“I hate hearing people say that Puerto Ricans have lost the will to fight. They say this and don’t want to understand why. Across the island, in the Puerto Rican psyche, we have become conditioned to be docile. We have become conditioned to silence any challenge to US power. Because we did fight! And every time, we were slandered, jailed, tortured and killed. That generational trauma is with us.
And what’s worse for our young people is that our history is not taught to us. I never learned about the nationalist movement, the movement for independence until I went to university.
But there are those who are fighting. Those towns who are home to the uprisings - Jayuya, Utuado - those are our pockets of hope. And our siblings of the diaspora - they have been coming back and joining us in a revival.
But they don’t show you this.
They don’t want you to see this.
Puerto Rico’s Puerto Rican New England Summit September 17, 2016
I made a sign for an event to reclaim spaces and heal in the wake of the Orlando Shooting.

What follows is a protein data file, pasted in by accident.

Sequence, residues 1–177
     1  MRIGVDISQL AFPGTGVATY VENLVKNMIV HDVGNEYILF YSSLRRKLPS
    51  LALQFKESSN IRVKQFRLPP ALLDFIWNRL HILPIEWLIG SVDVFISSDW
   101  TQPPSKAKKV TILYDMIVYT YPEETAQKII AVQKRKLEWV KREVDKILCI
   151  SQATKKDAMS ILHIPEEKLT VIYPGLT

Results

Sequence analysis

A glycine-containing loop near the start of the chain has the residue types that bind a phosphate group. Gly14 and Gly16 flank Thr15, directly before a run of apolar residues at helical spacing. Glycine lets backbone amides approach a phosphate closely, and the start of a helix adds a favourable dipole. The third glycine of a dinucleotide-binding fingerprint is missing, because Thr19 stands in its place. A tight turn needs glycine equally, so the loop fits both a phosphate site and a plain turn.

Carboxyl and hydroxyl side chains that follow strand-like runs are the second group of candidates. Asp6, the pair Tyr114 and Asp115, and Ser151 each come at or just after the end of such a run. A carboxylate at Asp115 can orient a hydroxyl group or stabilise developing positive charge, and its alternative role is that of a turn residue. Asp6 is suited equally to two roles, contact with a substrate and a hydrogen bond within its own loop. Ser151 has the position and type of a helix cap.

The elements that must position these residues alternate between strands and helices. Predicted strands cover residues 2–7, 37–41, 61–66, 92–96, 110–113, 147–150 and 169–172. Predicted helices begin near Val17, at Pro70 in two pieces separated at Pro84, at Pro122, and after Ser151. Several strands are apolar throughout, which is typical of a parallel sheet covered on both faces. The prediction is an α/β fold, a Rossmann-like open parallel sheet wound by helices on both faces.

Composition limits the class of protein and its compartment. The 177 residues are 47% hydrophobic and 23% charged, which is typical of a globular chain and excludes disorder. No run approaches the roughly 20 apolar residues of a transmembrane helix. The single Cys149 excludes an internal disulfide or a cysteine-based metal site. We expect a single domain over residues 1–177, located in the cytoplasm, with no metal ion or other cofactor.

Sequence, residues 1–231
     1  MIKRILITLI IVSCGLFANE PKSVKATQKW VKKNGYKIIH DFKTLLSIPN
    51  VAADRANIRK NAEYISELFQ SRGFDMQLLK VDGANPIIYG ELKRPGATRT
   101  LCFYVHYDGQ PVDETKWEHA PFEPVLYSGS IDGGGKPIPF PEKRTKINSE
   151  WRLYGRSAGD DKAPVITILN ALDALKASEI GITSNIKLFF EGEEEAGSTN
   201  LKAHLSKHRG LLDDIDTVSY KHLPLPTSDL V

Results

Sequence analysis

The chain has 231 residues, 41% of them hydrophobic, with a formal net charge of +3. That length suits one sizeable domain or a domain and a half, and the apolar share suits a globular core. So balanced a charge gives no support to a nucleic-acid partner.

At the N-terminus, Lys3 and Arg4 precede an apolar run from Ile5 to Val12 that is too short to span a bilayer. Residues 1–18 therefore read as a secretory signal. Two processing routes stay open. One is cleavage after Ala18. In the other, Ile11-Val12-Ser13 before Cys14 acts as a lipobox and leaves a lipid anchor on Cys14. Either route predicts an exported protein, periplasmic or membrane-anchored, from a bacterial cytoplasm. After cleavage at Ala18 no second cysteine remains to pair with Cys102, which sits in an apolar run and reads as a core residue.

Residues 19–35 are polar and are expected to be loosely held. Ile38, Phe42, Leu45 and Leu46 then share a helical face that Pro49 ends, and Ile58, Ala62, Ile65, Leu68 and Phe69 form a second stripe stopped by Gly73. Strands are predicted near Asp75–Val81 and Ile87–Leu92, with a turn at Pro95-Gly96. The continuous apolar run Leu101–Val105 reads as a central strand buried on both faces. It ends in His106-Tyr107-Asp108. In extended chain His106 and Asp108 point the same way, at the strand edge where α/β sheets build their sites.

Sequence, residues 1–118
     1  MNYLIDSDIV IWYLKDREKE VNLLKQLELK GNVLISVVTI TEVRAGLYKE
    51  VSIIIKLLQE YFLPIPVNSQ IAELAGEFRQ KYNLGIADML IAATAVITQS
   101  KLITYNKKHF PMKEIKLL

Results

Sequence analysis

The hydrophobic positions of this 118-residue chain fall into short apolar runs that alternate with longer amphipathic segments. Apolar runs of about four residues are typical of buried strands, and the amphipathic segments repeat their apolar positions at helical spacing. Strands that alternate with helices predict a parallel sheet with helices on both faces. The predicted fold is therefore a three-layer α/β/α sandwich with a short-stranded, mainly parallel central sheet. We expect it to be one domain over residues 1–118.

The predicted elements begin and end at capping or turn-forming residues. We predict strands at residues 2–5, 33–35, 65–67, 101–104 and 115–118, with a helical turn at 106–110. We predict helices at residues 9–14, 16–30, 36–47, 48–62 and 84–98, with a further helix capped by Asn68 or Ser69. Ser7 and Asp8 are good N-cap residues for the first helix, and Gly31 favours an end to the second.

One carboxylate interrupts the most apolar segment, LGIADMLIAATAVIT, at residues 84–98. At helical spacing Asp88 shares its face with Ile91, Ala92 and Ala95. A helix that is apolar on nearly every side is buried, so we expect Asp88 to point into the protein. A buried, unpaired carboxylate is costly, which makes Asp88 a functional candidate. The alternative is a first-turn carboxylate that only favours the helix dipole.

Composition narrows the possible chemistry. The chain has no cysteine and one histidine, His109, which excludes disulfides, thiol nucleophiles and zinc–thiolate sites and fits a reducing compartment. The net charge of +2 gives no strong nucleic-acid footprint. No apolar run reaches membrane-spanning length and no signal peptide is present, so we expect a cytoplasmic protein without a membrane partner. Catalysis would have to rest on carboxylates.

I am Puerto Rican, and gay.
The event resonated with me on a deep level and I’m still working through things. Through community and discussion I’m trying to find the strength to persevere and flourish. I want to add my voice to help not only the LGBT+ community, but also the Latino community stand strong in the face of that tragedy.
Pride in San Juan, Puerto Rico. A great day. Some times you don’t realize how much these spaces are needed until they’re there, or taken away. The last picture is a monument made to honor the victims of the Pulse Nightclub, in the newly named Gay Pride Plaza. During the march they said: “We will continue to march for as many years that are necessary”(in Spanish), and that’s true. We’re here, we’re queer, and we’re not going anywhere.